sbt plugin for literate Scala programming
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Literate Scala Programming

sbt-scaliterate generates Scala source code from a programming book written in Markdown.

Example Project

Suppose a project called hello with the following layout:

$ tree hello
└── project
    └── scaliterate.sbt

1 directory, 2 files

First of all, sbt-scaliterate is added to the build as a plugin in project/scaliterate.sbt:

addSbtPlugin("com.github.wookietreiber" % "sbt-scaliterate" % "0.3.0")

Furthermore, you need to have a single Markdown file, your programming book. The default name of this file is your projects name with the .md suffix, in our case the project name is hello, thus our Markdown file is name It resides directly in your projects base directory. Its content is:

% Hello World

# A Beginners Program

Saying **Hello, world!** is very common when learning a new language.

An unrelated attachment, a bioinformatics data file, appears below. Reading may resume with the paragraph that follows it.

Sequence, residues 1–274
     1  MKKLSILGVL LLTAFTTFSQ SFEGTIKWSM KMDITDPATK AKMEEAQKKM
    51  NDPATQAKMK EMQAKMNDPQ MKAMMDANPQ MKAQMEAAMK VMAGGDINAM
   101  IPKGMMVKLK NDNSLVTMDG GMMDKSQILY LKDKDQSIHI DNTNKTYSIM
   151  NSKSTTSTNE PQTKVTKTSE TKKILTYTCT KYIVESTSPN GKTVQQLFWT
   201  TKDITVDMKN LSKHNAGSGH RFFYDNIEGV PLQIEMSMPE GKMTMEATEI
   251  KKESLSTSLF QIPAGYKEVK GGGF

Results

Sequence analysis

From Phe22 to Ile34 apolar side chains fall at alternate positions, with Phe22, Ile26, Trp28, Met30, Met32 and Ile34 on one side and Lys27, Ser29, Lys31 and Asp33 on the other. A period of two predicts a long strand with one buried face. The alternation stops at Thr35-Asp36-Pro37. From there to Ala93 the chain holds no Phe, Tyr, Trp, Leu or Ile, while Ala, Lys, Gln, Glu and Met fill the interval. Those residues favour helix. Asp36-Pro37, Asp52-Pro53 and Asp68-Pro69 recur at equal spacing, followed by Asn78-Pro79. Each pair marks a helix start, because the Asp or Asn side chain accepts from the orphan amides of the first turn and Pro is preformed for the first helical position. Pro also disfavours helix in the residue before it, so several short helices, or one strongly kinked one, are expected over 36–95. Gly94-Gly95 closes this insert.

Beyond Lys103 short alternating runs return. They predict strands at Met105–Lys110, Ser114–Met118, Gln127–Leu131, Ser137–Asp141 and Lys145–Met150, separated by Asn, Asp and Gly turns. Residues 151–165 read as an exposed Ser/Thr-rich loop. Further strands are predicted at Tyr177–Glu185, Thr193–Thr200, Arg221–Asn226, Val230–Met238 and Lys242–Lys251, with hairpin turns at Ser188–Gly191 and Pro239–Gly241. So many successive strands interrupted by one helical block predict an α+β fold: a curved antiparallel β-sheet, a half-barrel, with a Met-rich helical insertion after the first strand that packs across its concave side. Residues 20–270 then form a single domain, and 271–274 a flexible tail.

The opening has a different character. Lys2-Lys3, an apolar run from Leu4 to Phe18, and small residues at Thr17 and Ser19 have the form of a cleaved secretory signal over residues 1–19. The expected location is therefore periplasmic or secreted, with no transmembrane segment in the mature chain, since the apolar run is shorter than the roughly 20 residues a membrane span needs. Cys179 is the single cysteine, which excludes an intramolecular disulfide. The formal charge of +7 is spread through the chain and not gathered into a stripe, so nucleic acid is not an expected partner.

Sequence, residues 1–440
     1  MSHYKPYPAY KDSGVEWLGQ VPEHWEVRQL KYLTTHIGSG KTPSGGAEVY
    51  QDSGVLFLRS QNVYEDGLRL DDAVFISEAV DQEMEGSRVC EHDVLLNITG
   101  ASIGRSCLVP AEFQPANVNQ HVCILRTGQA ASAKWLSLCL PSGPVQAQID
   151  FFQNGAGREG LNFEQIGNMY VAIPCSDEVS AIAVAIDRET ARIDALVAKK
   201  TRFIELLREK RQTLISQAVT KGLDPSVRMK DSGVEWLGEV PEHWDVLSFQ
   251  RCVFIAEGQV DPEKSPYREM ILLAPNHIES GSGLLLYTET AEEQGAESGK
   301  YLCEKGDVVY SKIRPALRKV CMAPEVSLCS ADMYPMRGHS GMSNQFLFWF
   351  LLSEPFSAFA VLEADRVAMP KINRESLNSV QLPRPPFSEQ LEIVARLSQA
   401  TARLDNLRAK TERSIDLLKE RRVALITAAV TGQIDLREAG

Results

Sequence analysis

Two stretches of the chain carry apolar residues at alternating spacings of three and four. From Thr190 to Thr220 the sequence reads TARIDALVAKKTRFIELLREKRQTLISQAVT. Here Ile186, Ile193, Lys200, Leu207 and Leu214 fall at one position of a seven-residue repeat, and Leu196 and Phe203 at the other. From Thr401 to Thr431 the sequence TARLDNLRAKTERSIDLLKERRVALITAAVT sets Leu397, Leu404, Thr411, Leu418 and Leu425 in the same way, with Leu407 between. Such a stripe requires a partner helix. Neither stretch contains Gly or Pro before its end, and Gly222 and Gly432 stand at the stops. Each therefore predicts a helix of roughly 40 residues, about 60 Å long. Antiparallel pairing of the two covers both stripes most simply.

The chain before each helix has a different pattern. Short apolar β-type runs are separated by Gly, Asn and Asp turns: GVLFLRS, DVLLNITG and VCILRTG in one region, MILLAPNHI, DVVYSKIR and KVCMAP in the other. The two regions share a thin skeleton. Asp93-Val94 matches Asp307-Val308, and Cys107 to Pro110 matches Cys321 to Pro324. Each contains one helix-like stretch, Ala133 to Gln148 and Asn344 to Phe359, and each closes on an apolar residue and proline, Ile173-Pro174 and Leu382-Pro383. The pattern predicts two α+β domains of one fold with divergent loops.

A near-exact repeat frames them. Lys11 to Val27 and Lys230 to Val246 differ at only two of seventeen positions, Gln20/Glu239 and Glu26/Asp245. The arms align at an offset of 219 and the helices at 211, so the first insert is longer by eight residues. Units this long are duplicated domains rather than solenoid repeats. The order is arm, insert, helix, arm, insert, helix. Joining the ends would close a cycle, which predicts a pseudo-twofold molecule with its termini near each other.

Here is how to do it in [Scala](

package hello

object Hello extends App {
  println("Hello, world!")

The fenced Scala code blocks are automatically extracted from this Markdown file and compiled with sbt's compile task. Thus, to compile the project, simply type:

sbt compile

To generate the programming book with pandoc type:

sbt scaliteratePandocPDF


The default name of the programming book Markdown source can be set via:

scaliterateSource := baseDirectory.value / ""

To modify the options used by pandoc, e.g. to change the default fonts:

scaliteratePandocPDFOptions in Compile ++= Seq (
  "-V", "mainfont=Droid Serif",
  "-V", "sansfont=Droid Sans",
  "-V", "monofont=Droid Sans Mono Slashed"

Note: Spaces, as with the example above in the font name, do not need to be escaped, however, the -V and its argument need to be separated (ProcessBuilder semantics ...)!